A: When I first started running, I was naturally tempted to test my limits in terms of speed and endurance, which landed me a number of injuries that concluded in a bad first half marathon where I swore that I’d give up on running for good. After I calmed down, I decided to do research on my injury and tested a number of minimalist footwear. A change in form and stride and great attention to stretching alleviated all my symptoms. Because my current objective is to continue being active and to avoid injury, I focus on training schedules and race goals with those objectives in mind. This means settling for reasonable finish times and training programs that fit into my work, writing, home schedules and current stress levels. Not to mention my creeping age!
For the NYC Marathon I downloaded a generic novice training program that gradually increased weekly mileage, long runs on weekends and 3-4 shorter runs on weekdays, peaking at 20 miles 3 weeks before the race. NYC Marathon training happens in the summer so in order to beat the heat I had be done with by 7 a.m. To me that meant heading out before 5:30 am, and being back in time for stretching and a shower before heading out the door for my full-time trading desk job.
I tried my best to follow the training program but I paid a lot of attention to how I was feeling and how my body was adapting, cutting down on mileage when I felt I was overdoing it. It’s been a great journey and to me it’s already an achievement to have a long process and consistent effort pay off.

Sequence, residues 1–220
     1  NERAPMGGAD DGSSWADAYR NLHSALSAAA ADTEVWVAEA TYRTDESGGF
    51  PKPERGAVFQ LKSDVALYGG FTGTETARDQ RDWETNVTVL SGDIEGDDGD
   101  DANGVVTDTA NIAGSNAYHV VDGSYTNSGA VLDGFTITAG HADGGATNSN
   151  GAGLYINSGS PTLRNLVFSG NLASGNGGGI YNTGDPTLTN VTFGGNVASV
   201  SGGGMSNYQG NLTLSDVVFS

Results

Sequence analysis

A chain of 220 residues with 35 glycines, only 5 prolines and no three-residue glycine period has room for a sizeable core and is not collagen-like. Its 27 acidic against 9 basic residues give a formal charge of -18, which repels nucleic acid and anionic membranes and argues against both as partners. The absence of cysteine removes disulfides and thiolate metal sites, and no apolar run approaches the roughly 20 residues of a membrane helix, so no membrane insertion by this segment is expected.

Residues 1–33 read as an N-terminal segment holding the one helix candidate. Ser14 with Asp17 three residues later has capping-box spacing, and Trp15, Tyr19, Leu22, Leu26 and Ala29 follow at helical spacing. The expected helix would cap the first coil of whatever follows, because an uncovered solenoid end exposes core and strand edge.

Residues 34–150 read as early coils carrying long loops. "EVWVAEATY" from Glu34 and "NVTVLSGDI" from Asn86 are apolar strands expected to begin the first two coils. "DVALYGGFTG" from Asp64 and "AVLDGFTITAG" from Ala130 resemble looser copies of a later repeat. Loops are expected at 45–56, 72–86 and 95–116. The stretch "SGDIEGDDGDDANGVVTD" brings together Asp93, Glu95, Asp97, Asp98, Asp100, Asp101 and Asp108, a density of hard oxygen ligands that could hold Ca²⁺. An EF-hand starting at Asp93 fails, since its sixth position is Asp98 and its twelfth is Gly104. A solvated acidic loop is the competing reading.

Q: What led to the decision to use your marathon as a platform to express your position on extrajudicial killings?
A: During my last long race, there were a number of runners who carried the Puerto Rican flag on their backs to show support and protest for the inhumane conditions in that US territory after hurricane Maria. I thought, why not run with the Philippine flag too? It always made me happy to see Filipino runners wearing flags on their jerseys. There’s even a group called Balut Patrol I always love seeing in races.
Then the more I thought about it, I knew it would not be enough to just represent the country without making a statement on what is going on in the Philippines right now. While I am proud to run as a Filipino runner, I am filled with horror daily at the extrajudicial executions going on in the country now.
“While I am proud to run as a Filipino runner, I am filled with horror daily at the extrajudicial executions going on in the country now.”
I was at first apprehensive as I didn’t know what the reaction would be to my flag and statement that wore for all 42 kilometers of the marathon. But I was surprised by the number of Filipino runners who actually approached me to shake my hand and say they agreed, and that they supported my message. A number of non-Filipino runners also asked what flag I was wearing, presumably to look up what I was protesting about.
Q: How important is it for prominent personalities to take a stand on issues, especially in the current climate?